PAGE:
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Triumph TR5

Triumph TR5
Triumph TR250
Triumph TR5 PI Front.jpg
Manufacturer Triumph Motor Company
Production 1967–68
Assembly Coventry, England
Designer Giovanni Michelotti
Body and chassis
Class Sports car
Body style Roadster
Layout Front-engine, rear-wheel-drive
Engine 2.5-litre straight-6
Transmission 4-speed manual, optional overdrive
Wheelbase 2,240 mm (88 in)
Length 3,902 mm (154 in)
Width 1,470 mm (58 in)
Height 1,170 mm (46 in)
Kerb weight 1,030 kg (2,271 lb)
Predecessor Triumph TR4A
Successor Triumph TR6

The Triumph TR5 is a sports car built by the Triumph Motor Company in Coventry, England, between August 1967 and September 1968.[1]

Visually similar to the TR4 (also styled by Michelotti),[2] the TR5 roadster sported Triumph's much more powerful 2.5-litre straight-6, fitted with Lucas mechanical fuel-injection and producing 150 bhp (110 kW). Price pressures and tighter emissions standards in the U.S. resulted in a much less powerful carburetted version, the TR250, being sold on the North American market.

At the time, fuel injection was uncommon in road cars. Triumph claimed in their sales brochure that it was the "First British production sports car with petrol injection".[3][4]


Standard equipment included front disc brakes, independent rear suspension, rack and pinion steering and a four speed gearbox. Optional extras included overdrive and wire wheels. In 1968 the basic price of the TR5 in the UK was £1,260 including taxes, with wire wheels being another £38, overdrive £60 and a tonneau cover another £13.[4]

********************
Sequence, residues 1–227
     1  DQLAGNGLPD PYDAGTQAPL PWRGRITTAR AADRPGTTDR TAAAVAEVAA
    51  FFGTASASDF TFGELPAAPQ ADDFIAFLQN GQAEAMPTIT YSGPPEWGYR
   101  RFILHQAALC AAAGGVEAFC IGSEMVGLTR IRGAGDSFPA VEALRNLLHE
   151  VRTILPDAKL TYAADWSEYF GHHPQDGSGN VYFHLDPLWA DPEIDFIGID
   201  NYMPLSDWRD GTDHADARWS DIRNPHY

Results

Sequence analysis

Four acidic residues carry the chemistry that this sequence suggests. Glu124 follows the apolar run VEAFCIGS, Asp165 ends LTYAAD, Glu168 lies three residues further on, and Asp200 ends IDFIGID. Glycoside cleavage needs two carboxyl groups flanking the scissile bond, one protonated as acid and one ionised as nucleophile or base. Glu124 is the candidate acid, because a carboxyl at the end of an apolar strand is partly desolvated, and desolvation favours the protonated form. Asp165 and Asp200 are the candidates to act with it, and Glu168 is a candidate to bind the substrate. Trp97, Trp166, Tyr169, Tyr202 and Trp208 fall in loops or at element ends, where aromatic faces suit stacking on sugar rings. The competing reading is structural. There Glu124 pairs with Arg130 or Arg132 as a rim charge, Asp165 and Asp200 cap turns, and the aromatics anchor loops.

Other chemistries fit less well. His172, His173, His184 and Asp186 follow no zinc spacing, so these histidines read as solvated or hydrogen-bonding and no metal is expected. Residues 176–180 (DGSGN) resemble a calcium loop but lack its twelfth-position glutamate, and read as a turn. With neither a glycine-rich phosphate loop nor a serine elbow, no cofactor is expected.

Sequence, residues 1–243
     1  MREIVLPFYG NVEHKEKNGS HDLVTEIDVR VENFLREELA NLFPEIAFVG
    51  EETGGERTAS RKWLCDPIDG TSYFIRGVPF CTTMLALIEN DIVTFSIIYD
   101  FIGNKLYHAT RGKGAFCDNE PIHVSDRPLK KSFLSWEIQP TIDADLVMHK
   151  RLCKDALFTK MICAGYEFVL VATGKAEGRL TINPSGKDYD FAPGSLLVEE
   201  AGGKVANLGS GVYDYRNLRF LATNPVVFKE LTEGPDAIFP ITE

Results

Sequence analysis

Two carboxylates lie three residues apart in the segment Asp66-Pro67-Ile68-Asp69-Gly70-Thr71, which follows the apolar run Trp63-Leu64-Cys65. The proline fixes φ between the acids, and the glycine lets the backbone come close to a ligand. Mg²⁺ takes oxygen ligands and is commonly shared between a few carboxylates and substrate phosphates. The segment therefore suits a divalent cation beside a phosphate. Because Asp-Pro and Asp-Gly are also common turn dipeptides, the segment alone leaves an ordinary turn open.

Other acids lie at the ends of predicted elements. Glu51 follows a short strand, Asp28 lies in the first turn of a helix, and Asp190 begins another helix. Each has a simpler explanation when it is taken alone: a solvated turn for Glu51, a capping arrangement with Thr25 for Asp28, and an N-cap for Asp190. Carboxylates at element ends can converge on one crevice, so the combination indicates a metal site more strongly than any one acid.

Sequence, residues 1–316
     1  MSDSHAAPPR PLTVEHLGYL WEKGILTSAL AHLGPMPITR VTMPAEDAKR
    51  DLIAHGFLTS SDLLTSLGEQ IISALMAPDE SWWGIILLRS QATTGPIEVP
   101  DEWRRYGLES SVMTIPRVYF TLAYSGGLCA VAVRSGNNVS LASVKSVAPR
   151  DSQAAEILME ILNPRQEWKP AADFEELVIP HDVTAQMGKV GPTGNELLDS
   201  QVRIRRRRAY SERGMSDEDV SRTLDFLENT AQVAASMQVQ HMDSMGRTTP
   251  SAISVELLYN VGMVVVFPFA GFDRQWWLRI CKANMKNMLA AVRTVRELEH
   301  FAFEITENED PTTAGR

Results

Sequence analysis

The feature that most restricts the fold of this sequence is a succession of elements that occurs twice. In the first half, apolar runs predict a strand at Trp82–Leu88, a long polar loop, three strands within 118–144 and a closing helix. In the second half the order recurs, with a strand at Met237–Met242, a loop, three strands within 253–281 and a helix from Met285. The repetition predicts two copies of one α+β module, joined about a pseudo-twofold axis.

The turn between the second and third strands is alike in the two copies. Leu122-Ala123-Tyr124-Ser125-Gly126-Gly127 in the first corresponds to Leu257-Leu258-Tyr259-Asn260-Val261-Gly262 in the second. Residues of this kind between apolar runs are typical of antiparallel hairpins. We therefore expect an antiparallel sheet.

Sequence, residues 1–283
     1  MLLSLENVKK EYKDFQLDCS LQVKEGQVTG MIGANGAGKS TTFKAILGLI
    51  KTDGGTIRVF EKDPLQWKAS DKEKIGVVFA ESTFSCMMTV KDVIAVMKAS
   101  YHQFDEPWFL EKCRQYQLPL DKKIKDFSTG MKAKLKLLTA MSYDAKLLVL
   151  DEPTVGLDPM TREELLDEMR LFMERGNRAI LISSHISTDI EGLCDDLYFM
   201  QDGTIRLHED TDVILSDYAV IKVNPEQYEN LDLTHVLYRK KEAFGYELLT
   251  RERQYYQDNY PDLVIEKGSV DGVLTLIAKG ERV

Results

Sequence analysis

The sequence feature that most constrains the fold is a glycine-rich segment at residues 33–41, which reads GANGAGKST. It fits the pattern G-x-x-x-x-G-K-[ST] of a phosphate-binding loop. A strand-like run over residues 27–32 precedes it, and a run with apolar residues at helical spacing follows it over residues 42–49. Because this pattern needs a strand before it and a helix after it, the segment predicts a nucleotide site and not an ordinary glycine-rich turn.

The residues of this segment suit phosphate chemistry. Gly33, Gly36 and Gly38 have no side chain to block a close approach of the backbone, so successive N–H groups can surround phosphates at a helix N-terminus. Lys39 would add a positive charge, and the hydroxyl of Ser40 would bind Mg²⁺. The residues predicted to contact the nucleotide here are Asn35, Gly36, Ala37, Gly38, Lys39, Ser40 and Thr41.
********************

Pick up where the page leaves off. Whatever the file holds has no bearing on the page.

The TR5 was available with the "Surrey Top" hard top, a weather protection system with rigid rear section including the rear window and removable fabric section over the driver and passenger's heads.

A curious feature of the TR5/Lucas petrol injection system was the very frequent occurrence of an intermittent power failure when the fuel tank was no more than a quarter full. In order to provide fresh fuel at the distributor, free from overheating/soak, unused fuel was returned to the tank where it entered very close to the high pressure fuel pump. When the fuel level fell below critical (about 3 gallons), sloshing would cause the pump to pick up a slightly aerated mixture which was sent to the fuel distributor. Unused fuel (still aerated) then passed back to the tank and was discharged close to the pump, a proportion of it being picked up and recycled to the distributor. As this cycle was repeated, gradually the volume of air in the pumped fuel reached a level where it began to affect the running of the engine. Adding as little as one gallon to the tank seemed to cure the problem. The similarly engineered contemporary saloon overcame this problem with a petrol tank specially designed for the fuel injected model. This incorporated an anti-slosh cup to ensure that the fuel outlet remained covered with fuel when the tank level was low.


Taken from the UK sales brochure.[3]

  • Engine: 2498 cc, 6 cylinder, 74.7 mm bore, 95 mm stroke, 9.5:1 compression ratio, 150 bhp (110 kW)
  • Turning circle: 10.1 m (33.1 ft)
  • Ground clearance: 152 mm (6.0 in)
  • Luggage capacity:
    • Max width: 1,180 mm (46.5 in)
    • Max height: 510 mm (20.1 in)
  • Capacities:
Fuel tank: 51 litres (11.22 imp gal; 13.47 US gal)
Engine sump: 4.53 litres (1.00 imp gal; 1.20 US gal)